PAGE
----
The development of Autonomous Vehicles (AVs) has made significant progress in the last years and it is expected that AVs will soon be introduced on our roads. An important aspect in the development of AVs is the assessment of their safety. As traditional methods for safety assessment of vehicles are not feasible to be performed for AVs within reasonable time and cost, new approaches need to be worked out. Among these, real-world scenario-based assessment is widely supported by many players in the automotive field. Scenario-based assessment allows for using virtual simulation tools in addition to physical tests, such as on a test track, proving ground, or public road.
We propose a procedure for real-world scenario-based road-approval assessment considering three stakeholders: the applicant, the assessor, and the (road or vehicle) authority. In this procedure, the applicant applies for the approval of one specific AV, the assessor assesses this AV and advises the authority, and the authority sets the requirements for the AV and decides whether this specific AV is approved for road testing The challenges are as follows. Firstly, the tests need to be tailored to the operational design domain (ODD) and dynamic driving task (DDT) description of the AV. Secondly, it is assumed that the applicant does not want to disclose all of the detailed test results because of proprietary or confidential information contained in these results. Thirdly, due to the complex ODD and DDT, many test scenarios are required to obtain sufficient confidence in the assessment of the AV. Consequently, it is assumed that due to limited resources, it is infeasible for the assessor to conduct all (physical) tests.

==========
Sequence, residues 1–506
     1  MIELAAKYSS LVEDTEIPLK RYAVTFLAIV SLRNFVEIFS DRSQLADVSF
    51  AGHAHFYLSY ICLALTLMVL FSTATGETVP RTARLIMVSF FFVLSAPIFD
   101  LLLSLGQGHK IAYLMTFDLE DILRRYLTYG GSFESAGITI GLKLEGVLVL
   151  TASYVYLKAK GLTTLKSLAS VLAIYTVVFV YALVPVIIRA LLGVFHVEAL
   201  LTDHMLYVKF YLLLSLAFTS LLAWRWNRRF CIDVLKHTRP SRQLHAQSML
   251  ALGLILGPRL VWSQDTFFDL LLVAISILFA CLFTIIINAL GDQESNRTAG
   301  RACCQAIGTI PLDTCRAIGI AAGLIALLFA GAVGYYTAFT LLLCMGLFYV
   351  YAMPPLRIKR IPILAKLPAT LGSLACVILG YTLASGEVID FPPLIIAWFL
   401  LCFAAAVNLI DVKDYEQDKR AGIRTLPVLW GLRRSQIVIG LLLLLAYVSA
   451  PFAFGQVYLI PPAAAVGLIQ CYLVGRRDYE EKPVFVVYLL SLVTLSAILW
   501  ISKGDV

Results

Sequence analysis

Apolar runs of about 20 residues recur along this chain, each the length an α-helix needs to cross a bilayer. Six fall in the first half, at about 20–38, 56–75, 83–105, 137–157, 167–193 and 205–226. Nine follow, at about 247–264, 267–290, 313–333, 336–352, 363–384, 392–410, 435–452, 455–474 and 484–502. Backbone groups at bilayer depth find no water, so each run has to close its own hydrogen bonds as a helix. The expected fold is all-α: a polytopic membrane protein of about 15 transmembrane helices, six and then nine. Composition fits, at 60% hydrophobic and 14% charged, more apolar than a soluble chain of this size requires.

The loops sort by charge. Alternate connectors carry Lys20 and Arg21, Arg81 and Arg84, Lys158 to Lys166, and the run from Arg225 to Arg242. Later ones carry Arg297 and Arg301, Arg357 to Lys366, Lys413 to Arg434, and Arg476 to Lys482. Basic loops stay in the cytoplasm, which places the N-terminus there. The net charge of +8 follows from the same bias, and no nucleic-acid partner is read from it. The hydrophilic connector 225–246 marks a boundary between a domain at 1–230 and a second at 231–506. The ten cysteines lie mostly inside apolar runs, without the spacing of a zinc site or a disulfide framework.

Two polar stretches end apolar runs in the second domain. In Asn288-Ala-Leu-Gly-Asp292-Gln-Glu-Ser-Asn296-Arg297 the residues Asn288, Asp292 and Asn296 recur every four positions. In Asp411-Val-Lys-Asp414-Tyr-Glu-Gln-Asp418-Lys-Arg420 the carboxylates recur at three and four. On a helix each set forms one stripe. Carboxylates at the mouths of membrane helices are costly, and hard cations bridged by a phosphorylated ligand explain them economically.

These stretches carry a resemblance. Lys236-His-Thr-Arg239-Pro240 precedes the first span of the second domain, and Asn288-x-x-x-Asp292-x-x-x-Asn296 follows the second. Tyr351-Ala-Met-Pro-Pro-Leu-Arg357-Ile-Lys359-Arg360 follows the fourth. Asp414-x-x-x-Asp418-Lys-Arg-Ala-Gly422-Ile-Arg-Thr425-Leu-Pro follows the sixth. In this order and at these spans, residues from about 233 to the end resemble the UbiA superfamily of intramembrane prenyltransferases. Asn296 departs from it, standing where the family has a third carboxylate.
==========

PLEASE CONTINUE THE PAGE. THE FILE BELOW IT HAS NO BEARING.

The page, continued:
We propose a systematic approach for determining the tests that are based on the requirements set by the authority and the AV's ODD and DDT description, such that the tests are tailored to the applicable ODD and DDT. Each test comes with metrics that enables the applicant to provide a performance rating of the AV for each of the tests. By only providing a performance rating for each test, the applicant does not need to disclose the details of the test results. In our proposed procedure, the assessor only conducts a limited number of tests. The main purpose of these tests is to verify the fidelity of the results provided by the applicant. Still, the applicant needs to conduct many tests, but this is assumed to be feasible because the applicant can utilize virtual simulation tools to conduct (a part of) the tests whereas this is not possible for the assessor due to proprietary or confidential information. To illustrate the proposed procedure, an example is presented.
Mr. Erwin de Gelder, TNO, NETHERLANDS; Dr. Olaf Op den Camp, TNO, NETHERLANDS